If constitutional torture prohibitions really have been ineffective, the obvious next question is why. Although we cannot definitely say, our research suggests some likely answers.
Constitutional rights can remain a dead letter because countries lack the capacity to enforce them. In some cases, constitutional commitments might even be adopted under false pretenses. The Constitution of North Korea, for example grants all citizens the “freedom speech, of the press, of assembly, demonstration and association,” but as the dustup over the theatrical release of “The Interview” illustrates, free speech isn’t a core value of the North Korean government. Indeed, empirical research suggests that a substantial portion of the world has what has been described as a sham constitution.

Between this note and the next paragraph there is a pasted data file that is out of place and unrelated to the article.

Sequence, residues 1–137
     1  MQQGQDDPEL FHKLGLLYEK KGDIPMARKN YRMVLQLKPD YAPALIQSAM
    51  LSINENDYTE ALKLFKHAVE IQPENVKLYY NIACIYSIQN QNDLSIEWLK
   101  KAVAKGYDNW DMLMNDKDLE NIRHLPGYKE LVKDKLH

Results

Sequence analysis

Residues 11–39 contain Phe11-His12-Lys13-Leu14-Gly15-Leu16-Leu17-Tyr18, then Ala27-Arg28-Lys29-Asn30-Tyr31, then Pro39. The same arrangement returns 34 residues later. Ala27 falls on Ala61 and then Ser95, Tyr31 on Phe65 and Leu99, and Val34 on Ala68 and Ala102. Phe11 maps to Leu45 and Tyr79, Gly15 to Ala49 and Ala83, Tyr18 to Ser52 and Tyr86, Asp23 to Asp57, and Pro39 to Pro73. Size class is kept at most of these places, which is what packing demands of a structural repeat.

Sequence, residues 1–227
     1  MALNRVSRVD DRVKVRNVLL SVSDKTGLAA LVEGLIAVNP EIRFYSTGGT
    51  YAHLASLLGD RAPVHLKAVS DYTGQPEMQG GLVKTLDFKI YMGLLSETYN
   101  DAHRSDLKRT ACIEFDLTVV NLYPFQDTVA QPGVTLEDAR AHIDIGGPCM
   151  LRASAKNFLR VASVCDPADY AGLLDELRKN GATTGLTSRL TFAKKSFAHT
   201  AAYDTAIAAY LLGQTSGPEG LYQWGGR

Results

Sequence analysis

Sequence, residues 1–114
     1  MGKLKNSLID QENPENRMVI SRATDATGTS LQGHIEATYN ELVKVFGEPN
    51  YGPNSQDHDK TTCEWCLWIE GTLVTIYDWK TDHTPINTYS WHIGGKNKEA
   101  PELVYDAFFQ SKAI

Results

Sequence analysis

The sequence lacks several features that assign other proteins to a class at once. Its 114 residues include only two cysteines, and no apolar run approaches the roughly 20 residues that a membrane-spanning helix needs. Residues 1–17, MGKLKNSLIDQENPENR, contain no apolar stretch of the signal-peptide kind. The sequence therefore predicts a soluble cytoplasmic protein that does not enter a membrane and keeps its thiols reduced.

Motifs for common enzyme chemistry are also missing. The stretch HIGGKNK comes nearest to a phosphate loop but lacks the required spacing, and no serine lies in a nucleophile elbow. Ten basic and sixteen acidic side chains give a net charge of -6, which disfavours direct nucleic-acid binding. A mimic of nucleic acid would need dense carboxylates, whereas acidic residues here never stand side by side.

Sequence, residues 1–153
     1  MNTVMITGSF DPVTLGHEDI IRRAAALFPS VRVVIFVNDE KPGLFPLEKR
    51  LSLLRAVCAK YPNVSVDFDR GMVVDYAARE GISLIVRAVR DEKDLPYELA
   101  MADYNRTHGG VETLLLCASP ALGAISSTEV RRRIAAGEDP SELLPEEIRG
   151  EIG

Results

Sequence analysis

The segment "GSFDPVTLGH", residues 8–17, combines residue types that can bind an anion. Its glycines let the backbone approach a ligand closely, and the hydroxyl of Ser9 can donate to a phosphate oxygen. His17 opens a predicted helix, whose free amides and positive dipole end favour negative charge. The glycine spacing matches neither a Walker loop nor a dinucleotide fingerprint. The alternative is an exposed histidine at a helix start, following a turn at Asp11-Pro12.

Even among countries that have otherwise strong constitutional traditions, like the United States, constitutional torture prohibitions may fail because the use of torture often enjoys substantial popular support, especially in the face of terror threats. For example, after the Senate Torture report was released, polls suggested that Americans were still supportive of the CIA’s use of torture by a 2-1 margin. Although one reason to enshrine a right in a constitution is to prevent the government from violating it whenever there is majority support for doing so, in practice things don’t always work out that way.